We ended the month with one of our biggest issues of the year — the Summer A&E Guide. Packed to the brim with fun things to do, readers got a chance to plan their summers with in-depth listings of concerts, films, outdoor events, theatrical performances, art shows and attractions. In the “Good, Bad, Ugly” column we highlighted Des Moines’ own version of “The Simpsons” cat lady, as a resident who was yelling at people from her balcony and threw her cat at a 6-year-old. Way to stay classy, Des Moines.


We kicked June off with our annual Bar Guide, an in-depth look at the wide variety of bars located throughout the metro. From sports bars to dive bars to dance clubs, we highlighted them all. Along with the drinks, we focused on some of the most unique bar food in town including items found at The Keg Stand and the High Life Lounge. Soundcheck reviewed two CDs from local acts Poison Control Center and Bonne Finken with both receiving praise and deserving of their continued success. Food Dude highlighted the new Drake neighborhood sushi joint, Haiku.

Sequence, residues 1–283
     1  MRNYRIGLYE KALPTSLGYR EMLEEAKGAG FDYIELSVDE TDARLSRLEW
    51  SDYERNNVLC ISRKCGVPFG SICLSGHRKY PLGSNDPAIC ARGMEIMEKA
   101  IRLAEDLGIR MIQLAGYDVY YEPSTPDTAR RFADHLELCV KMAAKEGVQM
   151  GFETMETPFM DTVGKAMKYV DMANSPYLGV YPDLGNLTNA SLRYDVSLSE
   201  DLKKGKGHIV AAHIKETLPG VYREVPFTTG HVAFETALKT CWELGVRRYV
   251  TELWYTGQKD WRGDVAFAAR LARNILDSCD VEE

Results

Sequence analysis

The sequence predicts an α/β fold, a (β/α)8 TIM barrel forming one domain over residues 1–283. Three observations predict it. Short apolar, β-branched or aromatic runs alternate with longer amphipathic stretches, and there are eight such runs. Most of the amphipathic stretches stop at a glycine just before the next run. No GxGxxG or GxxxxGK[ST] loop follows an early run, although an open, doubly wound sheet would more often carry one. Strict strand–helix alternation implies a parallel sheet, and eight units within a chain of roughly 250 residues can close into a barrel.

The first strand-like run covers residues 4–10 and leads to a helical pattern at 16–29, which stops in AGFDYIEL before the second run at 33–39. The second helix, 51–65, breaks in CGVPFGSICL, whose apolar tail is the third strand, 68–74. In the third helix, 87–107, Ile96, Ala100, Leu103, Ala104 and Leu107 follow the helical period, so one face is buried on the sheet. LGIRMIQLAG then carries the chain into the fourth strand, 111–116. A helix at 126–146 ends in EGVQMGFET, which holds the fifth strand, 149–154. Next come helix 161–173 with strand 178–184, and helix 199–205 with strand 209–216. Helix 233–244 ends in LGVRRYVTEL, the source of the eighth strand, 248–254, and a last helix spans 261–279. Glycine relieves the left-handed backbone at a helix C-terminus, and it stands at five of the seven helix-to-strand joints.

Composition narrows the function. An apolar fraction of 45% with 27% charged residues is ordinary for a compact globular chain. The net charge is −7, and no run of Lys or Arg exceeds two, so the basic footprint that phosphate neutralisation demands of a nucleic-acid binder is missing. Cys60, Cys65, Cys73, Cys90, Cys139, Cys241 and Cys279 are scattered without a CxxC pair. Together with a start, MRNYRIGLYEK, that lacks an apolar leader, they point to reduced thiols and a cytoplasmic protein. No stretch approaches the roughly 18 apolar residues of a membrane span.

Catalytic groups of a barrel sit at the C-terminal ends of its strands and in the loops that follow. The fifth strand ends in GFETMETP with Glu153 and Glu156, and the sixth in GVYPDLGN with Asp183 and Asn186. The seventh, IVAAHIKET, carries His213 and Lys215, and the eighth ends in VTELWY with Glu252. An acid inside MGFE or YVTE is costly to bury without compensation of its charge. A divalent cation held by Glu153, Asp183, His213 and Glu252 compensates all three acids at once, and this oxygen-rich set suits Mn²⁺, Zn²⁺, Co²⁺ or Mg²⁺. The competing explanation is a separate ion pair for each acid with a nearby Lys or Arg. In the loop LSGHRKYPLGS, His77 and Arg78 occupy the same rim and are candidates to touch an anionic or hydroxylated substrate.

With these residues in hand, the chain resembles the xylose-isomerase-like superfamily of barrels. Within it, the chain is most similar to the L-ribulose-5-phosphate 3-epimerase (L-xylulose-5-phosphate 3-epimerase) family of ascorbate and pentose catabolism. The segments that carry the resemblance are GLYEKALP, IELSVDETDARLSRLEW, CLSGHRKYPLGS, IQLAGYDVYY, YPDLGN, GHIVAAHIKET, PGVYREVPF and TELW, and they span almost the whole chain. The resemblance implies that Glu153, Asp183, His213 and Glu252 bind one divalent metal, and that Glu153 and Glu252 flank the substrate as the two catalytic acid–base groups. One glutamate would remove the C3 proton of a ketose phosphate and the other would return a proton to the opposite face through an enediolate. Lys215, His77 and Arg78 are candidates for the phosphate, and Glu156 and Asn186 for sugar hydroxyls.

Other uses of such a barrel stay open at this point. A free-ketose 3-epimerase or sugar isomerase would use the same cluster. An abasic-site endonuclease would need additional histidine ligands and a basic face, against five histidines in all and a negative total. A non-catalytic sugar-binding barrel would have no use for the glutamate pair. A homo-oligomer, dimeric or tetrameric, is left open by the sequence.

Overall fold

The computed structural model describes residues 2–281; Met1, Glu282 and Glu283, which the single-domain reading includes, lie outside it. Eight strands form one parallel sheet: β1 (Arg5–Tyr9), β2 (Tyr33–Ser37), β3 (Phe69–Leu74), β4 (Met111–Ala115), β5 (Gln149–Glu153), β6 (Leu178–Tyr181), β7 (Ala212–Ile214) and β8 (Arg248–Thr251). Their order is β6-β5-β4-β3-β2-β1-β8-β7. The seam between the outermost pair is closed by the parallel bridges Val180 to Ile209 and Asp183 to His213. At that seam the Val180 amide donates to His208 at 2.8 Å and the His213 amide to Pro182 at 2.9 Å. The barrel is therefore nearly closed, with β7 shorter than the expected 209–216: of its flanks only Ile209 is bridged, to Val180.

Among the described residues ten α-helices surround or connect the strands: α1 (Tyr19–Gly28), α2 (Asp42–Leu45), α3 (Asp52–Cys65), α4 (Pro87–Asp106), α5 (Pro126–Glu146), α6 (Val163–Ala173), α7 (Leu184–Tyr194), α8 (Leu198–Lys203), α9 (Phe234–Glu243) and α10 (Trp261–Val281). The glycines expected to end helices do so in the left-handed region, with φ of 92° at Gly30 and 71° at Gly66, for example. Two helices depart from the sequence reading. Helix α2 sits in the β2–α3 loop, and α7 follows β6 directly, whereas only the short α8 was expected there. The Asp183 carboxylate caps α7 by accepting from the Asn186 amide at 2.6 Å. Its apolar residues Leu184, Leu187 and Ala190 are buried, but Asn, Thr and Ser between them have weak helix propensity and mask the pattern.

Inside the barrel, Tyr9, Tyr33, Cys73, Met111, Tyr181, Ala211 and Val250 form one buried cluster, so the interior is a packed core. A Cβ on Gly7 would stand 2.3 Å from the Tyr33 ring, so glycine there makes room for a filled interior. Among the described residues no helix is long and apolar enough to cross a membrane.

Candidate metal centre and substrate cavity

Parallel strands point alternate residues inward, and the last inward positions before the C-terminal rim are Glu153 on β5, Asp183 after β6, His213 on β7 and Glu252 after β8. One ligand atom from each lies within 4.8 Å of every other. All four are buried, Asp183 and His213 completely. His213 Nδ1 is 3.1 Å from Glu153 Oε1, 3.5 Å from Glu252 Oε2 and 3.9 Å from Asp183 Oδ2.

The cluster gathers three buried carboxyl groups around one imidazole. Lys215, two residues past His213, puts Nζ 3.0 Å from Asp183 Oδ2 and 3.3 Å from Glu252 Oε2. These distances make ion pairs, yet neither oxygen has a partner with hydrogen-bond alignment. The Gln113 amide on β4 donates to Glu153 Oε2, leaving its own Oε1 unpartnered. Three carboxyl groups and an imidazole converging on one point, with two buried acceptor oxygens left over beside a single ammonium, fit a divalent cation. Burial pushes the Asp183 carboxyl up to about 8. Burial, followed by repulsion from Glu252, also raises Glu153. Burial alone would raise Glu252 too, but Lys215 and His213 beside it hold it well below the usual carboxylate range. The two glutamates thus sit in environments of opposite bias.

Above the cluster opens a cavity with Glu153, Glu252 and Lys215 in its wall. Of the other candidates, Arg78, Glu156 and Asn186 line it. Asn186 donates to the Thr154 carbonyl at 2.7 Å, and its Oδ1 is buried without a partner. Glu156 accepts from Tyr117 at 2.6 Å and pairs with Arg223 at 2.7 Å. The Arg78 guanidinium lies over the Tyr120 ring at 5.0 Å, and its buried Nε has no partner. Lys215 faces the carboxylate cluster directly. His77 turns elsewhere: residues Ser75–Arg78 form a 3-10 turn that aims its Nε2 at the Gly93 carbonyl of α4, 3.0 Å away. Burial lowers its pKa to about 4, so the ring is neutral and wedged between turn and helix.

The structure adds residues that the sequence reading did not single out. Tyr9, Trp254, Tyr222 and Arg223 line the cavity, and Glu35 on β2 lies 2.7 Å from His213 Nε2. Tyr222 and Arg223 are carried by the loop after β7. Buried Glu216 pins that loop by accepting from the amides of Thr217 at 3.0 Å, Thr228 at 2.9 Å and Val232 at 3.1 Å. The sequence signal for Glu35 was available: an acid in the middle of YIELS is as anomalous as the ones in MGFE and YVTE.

With farmers’ markets in full swing throughout the metro, Amber Williams looked at the process of bringing farm-fresh products to the masses. Civic Skinny continued to break news in the city and highlighted a specific example of how the local daily picked up some Skinny, but forgot to mention, “as first reported in Cityview.”

The third week of the month, freelance writer Bret Voorhees profiled Gov. Branstad’s goal of creating 200,000 new jobs. Many unemployed Iowans are still waiting. Belly Up took a look at neighborhood bar Pal Joey’s.

We ended the month with a profile of the upcoming 80/35 Music Festival. Returning for its fourth year, the festival brings a wide mixture of popular acts and up-and-coming artists. Locker Room highlighted the Guns ‘n Hoses charity football showdown between the Des Moines Police Department and Des Moines Fire Department. And in Belly Up we highlighted Double Shot Bar & Grill, which moved into the former location of Twisted Parrot.